Vestiges Of Insensitive Names And Imagery Challenged
Black Lives Matter and the tragic death of George Floyd have shaken America to its core and revealed a nation weary and now angry over the state of race relations in this country. To that point, everything seems to be on the table for discussion. Charging four policemen in Minneapolis, MN is not nearly enough to satisfy the thirst for real change in race relations. This includes racist images, names and statues representing racial insensitivity. This is a part of the myriad of changes needed to set in place some measure of sensitivity.
Apparently, we are either still fighting the Civil War, or some believe the South actually won. What is clear is that in the hateful aftermath of the bloody war between the states, former confederate states erected statues of their rebel leaders despite the fact they were basically traitors. The southern men who were honored were also fighting their own government for the right to enslave a race of people. Some supporters of confederate statues say it is a monument to their culture. One is hard pressed to see how owning people is cultural.
There is a push to rename military bases that bear the name of confederates because they are not worthy of the honor. It is an insult to black descendants of slaves who suffered unimaginable pain under southern rule. It is an insult to black soldiers who were trained there and forced to wear clothing bearing the name of slave owners. One of the genuinely surprising outcomes is the push to rename United States military bases named after racists.
The United States Senate led by Defense Chairman Jim Inhofe is looking at starting the process of renaming military bases. This after the committee adopted an amendment by Sen. Elizabeth Warren to create a commission to study and provide recommendations concerning the removal, names, symbols, displays, monuments, and paraphernalia that pay homage to confederate leaders. Under the bill, the plan would be implemented three years after enactment of the legislation. Not exactly fast action. How much time do they need to determine if honoring slavery protecting traitors is a good idea?
Inhofe wants states and local communities to have input into whether military bases named after confederate military leaders should be renamed. That is a ridiculous plan because the decision should be centered on if it is a good and proper idea; not if it is popular. It is like conducting a poll on if a racial issue should be changed after years of institutional honor. Why do we need the senate if they are going to defer a delicate decision because it is likely to upset confederate or racially insensitive voters?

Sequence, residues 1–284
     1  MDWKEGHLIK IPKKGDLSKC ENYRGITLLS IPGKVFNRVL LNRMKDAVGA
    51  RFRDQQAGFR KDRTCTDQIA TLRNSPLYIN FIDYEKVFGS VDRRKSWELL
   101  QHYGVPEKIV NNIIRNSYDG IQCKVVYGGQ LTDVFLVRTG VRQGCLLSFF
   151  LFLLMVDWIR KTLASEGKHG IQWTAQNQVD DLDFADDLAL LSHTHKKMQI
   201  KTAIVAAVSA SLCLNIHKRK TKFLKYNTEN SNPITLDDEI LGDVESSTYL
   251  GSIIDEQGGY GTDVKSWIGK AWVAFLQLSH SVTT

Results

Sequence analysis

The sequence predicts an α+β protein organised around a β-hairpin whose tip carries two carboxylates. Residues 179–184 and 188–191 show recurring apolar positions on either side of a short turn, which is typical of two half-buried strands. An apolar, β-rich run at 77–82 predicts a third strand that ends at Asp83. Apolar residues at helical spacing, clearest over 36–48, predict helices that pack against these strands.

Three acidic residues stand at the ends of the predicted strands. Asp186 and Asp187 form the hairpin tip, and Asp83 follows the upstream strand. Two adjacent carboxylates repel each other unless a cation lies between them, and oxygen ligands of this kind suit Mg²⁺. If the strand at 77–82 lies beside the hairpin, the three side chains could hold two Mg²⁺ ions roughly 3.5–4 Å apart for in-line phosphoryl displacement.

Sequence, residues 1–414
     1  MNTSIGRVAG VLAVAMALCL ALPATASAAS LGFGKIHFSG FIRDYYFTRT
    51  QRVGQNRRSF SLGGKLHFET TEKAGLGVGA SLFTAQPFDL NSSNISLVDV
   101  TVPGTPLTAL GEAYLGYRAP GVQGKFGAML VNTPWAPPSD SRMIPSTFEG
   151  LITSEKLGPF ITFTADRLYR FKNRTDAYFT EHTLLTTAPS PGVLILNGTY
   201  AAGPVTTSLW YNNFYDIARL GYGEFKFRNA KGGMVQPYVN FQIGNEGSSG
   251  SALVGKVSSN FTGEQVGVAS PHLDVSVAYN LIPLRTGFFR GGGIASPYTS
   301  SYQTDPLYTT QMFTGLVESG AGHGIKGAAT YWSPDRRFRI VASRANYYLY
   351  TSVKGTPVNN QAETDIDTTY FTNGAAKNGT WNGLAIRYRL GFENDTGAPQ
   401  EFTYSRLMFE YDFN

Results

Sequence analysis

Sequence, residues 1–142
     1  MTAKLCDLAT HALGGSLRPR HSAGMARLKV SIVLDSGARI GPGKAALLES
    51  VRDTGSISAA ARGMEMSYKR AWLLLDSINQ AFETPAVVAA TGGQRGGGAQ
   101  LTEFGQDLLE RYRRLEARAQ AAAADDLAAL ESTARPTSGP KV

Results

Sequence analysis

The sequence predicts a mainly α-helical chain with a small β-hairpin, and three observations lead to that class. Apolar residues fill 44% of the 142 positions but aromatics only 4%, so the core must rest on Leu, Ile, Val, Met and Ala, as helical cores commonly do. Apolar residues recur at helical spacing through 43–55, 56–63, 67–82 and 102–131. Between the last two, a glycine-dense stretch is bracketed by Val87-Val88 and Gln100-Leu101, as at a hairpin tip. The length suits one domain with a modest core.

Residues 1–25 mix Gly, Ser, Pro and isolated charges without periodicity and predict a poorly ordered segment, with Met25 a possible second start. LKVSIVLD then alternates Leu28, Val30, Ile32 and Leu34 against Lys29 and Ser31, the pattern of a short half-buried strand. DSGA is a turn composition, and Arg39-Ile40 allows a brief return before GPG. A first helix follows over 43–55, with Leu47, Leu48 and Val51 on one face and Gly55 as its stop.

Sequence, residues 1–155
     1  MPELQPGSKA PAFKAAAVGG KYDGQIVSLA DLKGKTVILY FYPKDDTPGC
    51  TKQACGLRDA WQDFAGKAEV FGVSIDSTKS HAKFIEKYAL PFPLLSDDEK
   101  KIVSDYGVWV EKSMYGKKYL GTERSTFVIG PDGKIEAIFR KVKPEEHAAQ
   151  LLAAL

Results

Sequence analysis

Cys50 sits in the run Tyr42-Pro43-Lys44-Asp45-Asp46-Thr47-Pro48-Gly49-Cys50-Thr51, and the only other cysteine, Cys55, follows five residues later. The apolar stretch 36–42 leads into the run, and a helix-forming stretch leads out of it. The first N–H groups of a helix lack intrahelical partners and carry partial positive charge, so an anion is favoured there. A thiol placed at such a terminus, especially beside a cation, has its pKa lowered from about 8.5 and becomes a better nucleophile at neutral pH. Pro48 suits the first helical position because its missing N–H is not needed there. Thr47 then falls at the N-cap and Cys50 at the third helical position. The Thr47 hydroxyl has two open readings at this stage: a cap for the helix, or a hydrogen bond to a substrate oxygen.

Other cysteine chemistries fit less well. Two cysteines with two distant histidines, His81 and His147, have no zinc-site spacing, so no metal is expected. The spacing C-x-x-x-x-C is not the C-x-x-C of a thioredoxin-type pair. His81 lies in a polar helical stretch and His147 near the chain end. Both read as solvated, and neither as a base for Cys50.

Inhofe is expected to amend the bill before it goes before the full senate so that any decision to rename a base will be optional rather than mandatory. That is weak and a waste of effort. There is nothing in this current bill that would lead anyone into believing change is coming out of the senate on this issue. Hopefully, the House of Representatives led by Oklahoma congresswoman Kendra Horn can offer a bill with some moral spine built into it. She is a leader in this discussion as a member of the House Armed Services Committee.
The Marines have banned all confederate imagery from their bases. It was criticized by Trump as was the Senate’s committee bill to possibly rename confederate named bases.
NASCAR, the racing organization that is wildly popular in the south is banning the use of confederate flags at their events. One car was seen with the initials BLM or Black Lives Matter. Too bad the United States does have the courage of NASCAR.
Colin Kaepernick is the tragically courageous quarterback who was drummed out of the NFL by Trump and insensitive owners over his decision to kneel to bring attention to violence towards African Americans by police. Now he may return to the NFL and you can count on many players kneeling next year if society does not change.
Statues are being pulled down all over the nation and locally the Cherokee Nation recently removed two Confederate monuments from its Capitol Square last week. They did not take a poll to gauge its popularity. They just did the right thing.
In New Mexico the brutal conquistador Juan De Onate, there are several statues honoring a man who massacred Acoma Pueblo Indians and cut off the right feet of survivors in an attempt to colonize the peaceful people. There was an attempt to bring down one of the statues when supporters of the Spaniard came to defend the monument. Ultimately, three of the militiamen were arrested after one of them shot and wounded one of the protestors. Change will not come easy and some will sacrifice much.
This nation cannot celebrate diversity when it has one foot in the Civil war.